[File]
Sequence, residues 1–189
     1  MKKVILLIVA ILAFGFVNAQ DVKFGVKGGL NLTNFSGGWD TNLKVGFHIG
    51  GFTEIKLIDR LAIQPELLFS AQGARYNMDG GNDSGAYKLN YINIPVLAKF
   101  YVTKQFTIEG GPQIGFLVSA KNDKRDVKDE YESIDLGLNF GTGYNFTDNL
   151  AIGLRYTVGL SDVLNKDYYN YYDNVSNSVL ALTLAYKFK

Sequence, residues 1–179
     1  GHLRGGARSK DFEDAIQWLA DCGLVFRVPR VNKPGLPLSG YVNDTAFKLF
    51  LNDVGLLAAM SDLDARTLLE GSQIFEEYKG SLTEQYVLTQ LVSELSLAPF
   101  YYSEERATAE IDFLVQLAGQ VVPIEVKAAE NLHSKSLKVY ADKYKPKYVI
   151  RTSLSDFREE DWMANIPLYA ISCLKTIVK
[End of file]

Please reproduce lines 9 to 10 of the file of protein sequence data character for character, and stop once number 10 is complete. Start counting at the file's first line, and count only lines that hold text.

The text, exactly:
   101  YYSEERATAE IDFLVQLAGQ VVPIEVKAAE NLHSKSLKVY ADKYKPKYVI
   151  RTSLSDFREE DWMANIPLYA ISCLKTIVK